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Of drinking at work, this stripper says, “I’m done”

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Justice

I quit drinking at work. Nothing significantly bad happened that made me decide to quit. There were no arrests this time. I didn’t get fired. In the past there had been many, many signifcantly bad incidents associated with drinking that didn’t make me stop drinking. There was the incident with the dumpster, among other things. “I can do what I want,” I assured myself. On the contrary, however, I became so comfortable and dependent on being drunk at work that I wasn’t drinking because I enjoyed it. I drank because I needed to and not because I wanted to. I don’t want any person or substance to have such control over me and I’ve decided that it simply won’t.

At the success of the adults who warned me since childhood about talking to strangers, I still have a healthy fear of strangers. When you have to talk to strangers for a living, work can be very stressful. I don’t ever know what to tell people. “Why don’t you pay me a bunch of money so I can violate your personal space in a sexual manner?” It is generally that simple yet it often feels weird to suggest. And anyway, what if the person doesn’t like me and they’re vocal about it? That would crush me if I go with my natural thought patterns. I definitely feel isolated in a crowded room at work sometimes. I often feel like there is an impenetrable wall between me and other people.

That is where the alcohol came in (past tense!). It would either calm my nerves enough to let me talk to people with out having a panic attack or I would get so drunk I’d forget if anyone had been rude.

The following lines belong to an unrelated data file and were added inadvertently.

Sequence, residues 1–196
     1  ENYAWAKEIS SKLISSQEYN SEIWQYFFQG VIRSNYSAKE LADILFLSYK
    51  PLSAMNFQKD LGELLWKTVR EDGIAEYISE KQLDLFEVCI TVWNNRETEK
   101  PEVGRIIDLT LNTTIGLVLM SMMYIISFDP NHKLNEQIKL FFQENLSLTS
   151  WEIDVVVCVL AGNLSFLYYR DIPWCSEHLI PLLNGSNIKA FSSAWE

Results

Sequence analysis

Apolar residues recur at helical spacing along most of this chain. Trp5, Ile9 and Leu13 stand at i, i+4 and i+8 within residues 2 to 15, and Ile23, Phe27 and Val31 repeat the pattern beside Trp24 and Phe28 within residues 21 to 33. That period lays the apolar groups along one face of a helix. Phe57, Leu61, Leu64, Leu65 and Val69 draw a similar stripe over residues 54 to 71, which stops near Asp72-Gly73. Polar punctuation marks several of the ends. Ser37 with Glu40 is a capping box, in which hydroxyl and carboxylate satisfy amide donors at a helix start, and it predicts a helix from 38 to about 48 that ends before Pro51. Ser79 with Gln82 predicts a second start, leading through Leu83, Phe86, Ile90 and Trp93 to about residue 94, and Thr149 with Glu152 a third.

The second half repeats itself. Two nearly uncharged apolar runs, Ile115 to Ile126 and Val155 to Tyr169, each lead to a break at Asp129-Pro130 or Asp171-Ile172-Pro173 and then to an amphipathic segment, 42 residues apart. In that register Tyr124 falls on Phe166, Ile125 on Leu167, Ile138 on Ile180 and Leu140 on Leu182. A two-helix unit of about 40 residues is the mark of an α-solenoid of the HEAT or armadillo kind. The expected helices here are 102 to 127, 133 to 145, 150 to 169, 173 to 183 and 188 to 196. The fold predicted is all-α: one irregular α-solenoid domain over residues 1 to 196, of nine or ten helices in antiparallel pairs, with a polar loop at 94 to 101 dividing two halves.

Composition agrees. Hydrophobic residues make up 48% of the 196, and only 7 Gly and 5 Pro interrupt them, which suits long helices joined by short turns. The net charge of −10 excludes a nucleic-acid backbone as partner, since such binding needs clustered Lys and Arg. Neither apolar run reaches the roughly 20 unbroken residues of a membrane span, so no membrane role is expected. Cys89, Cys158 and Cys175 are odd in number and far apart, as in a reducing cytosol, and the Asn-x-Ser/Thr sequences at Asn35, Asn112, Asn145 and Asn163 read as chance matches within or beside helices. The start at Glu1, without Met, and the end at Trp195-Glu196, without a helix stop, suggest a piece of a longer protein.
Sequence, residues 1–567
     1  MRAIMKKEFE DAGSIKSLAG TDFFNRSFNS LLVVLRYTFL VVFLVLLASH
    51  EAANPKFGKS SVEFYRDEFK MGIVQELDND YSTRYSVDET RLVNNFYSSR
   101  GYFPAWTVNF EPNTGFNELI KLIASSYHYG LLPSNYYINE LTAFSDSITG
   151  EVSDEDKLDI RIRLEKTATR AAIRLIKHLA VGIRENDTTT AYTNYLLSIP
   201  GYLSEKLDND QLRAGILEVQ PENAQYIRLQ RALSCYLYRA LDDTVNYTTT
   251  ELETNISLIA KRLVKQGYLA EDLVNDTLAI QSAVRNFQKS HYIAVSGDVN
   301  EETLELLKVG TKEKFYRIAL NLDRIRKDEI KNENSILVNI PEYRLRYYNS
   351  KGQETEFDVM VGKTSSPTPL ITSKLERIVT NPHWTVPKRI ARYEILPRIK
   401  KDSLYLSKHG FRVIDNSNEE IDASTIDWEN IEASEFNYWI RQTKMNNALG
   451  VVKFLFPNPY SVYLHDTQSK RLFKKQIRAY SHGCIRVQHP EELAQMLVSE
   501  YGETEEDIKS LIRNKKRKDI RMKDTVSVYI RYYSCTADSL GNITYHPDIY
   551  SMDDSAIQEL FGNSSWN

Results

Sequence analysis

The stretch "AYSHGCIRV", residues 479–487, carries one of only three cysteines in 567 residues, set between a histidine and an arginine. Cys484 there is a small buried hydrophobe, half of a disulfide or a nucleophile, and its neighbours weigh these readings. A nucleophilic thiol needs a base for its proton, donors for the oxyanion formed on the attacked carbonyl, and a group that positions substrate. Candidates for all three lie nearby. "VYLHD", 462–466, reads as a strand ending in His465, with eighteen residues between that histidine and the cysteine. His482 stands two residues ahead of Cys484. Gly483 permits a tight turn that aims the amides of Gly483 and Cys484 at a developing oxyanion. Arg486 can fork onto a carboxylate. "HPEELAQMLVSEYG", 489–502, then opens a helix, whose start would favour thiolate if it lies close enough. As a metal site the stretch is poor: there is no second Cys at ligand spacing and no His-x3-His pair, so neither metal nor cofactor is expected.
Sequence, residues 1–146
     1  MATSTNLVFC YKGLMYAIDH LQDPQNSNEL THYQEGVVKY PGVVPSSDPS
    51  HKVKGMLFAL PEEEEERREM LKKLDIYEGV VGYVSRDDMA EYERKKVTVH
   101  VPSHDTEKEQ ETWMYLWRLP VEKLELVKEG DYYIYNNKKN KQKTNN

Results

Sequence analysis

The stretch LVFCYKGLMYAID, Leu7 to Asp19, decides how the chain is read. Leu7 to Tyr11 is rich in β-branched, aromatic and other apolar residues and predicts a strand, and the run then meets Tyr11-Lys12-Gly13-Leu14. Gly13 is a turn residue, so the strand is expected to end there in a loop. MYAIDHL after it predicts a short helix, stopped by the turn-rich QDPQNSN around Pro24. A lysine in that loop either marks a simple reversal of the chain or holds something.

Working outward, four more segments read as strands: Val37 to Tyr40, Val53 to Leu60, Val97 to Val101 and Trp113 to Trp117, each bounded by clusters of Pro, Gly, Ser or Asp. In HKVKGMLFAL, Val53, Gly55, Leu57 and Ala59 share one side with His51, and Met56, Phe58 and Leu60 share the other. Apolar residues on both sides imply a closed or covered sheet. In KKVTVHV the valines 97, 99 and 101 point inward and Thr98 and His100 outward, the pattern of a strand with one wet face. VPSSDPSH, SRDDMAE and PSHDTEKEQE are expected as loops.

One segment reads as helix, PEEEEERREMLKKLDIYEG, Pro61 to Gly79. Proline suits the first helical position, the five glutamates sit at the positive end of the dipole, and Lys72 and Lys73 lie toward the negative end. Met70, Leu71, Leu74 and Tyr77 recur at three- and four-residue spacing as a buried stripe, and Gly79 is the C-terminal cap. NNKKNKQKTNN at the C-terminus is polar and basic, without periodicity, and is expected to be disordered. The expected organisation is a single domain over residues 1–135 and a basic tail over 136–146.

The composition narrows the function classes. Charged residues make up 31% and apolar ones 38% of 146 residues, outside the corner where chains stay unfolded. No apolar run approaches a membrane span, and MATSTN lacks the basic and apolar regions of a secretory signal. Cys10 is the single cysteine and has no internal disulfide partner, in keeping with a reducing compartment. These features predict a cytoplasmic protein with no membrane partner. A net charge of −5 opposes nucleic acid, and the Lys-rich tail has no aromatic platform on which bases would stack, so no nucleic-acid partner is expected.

A major issue with drinking was that I could have gotten myself into a lot of legal trouble. I wasn’t admitting it to anyone but I began to make a regular habit of driving home with way too much alcohol in my system. I never drove when I felt impaired but the amount of alcohol that I was drinking at my tolerance level could simply not metabolize fast enough for me to legally drive myself home within several hours after stopping. I probably smelled like alcohol too. The stuff comes out of your pores and lingers on your breath. I drank straight vodka so I imagine I smelled like paint thinner from time to time.

Of course it has been difficult. I have only worked for about a week with out alcohol and I’m slowly adjusting. I’m getting successfully desensitized. Any change in habit will be challenging but there is really no other choice. I will continue to expose myself to people (not just physically) and deal with their stupidity and rudeness head-on.

I see so many strippers that either don’t have enough self-awareness to think they should improve themselves or simply don’t care to change. Many of the strippers are aged and deteriorated from things like alcohol. In combination with cigarette smoke and long nights, the decision to drink regularly can wreak havoc on a person’s youth.

The potential to cause-long term damage to myself and others, as well as the potential to lose freedom and thousands of dollars in fines and legal fees would have been much more harmful to me in the long run than being rejected by some tourist at work. I refuse to put myself in that situation anymore. I’m done.

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